1,000 Years is immediately more cheerful and playful – fast-moving notes and drums pause occasionally – then fiddle kicks in for a sustained blast of continuous music. Lyrically it’s a love song, idealistic and coy (unless it’s not reciprocated of course – then it could be a bit stalkerish!) – that said, as Tim’s vocals are backed with Athene’s I think it’s fair to assume that it is a mutual thing! Brass instruments add some real oomph to a powerful rhythm provided by drums, bass and guitar – finishing up with the mischievous sounding stop-start melody from the beginning of the track.
Continuing a theme of sorts I Love You has a very ponderous start with drawn out lyrics accompanied by strains of fiddle, eventually kicking into a fast-paced and infectious fiddle-led instrumental backed with a meaty ska-like backing track. Only for it all to drop out again for just vocals and fiddle again – and then back to the instrumental again before even the lonely fiddle drops out leaving just a bass riff and percussive stabs. Later a chanted section is just over a drum beat, then we’re back on the instrumental, more vocal only sections and a finish with the full instrumental chorus. A four minute musical roller-coaster.
The next track is deliciously bitchy – guitar strums accompany the vocals which kick in with ‘I’m sorry I no longer feed your ego, but it’s got such a huge appetite’ – I’m sure we all know someone like that! Blessings then kicks in with almost a One Fine Day instrumental, lyrically it appears to be charting the demise of a relationship – not necessarily an intimate one. Ultimately the other party is dismissed with the blessing of the narrator of the song (although I’m not convinced it’s meant entirely sincerely!) – it has one of my favourite instrumentals on the album though, it’s really rather immersive and expansive – leading eventually into a final chorus.
Blummin’ eck, I’ve written loads already haven’t I? There’s still four tracks to go! Animal has a frenetic start – ‘I’m an animal, and I love you’ is the lyrical opening gambit before it eventually leads into the full instrumental, this is a really very danceable song, with a rest-break for the middle-eight (not a massive break, admittedly!) before catchy fiddle riff kicks back in, building inexorably to a climactic end kicking back into the repetitive-drill of the chorus, ending with some harmomised ‘la la’ing before coming to a close. Almost hypnotic.
To Dream of Angels starts with guitar and then vocals which are almost replied to by semi-mournful semi-cheerful fiddle refrains. It’s a swaying song rather than a dancing song – I like a good sway, to be fair! Lyrically it’s a joyous affirmation of a loving couple – the middle section has empassioned singing over rhythmic instrumentals along with haunting backing vocals before the chorus kicks in again – I’m a sucker for a cleverly simplistic rhyme ‘free to be together once again’ is played with syllablically (is that a word) to rhyme beautifully. Clever.
Not in my Name is another we’ve heard road-tested before – guitar strums and vocals kick in before frenetic drumming then it all drops out for the lyrics proper kicking in, percussive stabs are introduced before a quick ska-type rhythm is introduced. In 3DM style this is interrupted with moments of silence or stabs of sound. Quite overtly political in theme – describing the uneasy relationship we have with our war-mongering leaders. The second verse is a chilled out almost reggae interlude, before the pace kicks in again. The instrumental toward the end introduces some more awesome fiddle work to lift the track.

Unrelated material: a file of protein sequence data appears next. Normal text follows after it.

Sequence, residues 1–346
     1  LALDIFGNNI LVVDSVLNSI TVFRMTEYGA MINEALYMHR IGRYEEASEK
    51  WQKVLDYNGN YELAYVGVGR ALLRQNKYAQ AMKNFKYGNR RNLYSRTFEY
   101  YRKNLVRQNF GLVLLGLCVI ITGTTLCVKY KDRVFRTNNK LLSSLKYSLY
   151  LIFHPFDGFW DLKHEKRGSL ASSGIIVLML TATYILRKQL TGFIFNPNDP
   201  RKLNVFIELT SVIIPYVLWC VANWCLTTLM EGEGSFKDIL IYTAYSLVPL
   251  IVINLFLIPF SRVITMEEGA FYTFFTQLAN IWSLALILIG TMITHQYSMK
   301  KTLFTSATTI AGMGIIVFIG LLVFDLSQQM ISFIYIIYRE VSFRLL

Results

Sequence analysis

And we finally wind our way to the end of the album with We are Revolution – which is a beautifully crafted song. Gentle guitar where you can hear the fingers sliding up and down the strings to find different fret positions, both Tim and Athene harmonise for the singing over staggered guitar – with percussion gradually introduced with bass into a reggae beat with some clever finger-picking work to break the predictability. It’s the lyrics I really gravitate to here though – particularly the assertion that ‘If we could see with the eyes of a child and love with the strength of a mother’ – well, it would certainly make the world a better place wouldn’t it?
A triumphant return – 3 Daft Monkeys have produced a collection of songs that take you on a full emotional and rhythmic journey, which isn’t that unusual. The more personal and political themes are worked into unmistakable 3DMness but with development in musical styles – the circus evoked so strongly in the opening track it turns out is the ‘circus of life’ – and each track takes you through the myriad of themes and emotions that are integrally part and parcel of all of our lives. It’s really cleverly done – I can’t wait to hear more of it live! We can all feel a bit good about it too as it was a crowdfunded project – so hats off to my fellow fundees!
Year of the Clown is out later this month – and you can avail yourself of a copy either at a gig or via the 3 Daft Monkeys website. I’ve pinched promo photos from the 3 Daft Monkeys website, but the other four are all courtesy of Ella at Snotography – taken at Something to Smile About 2016.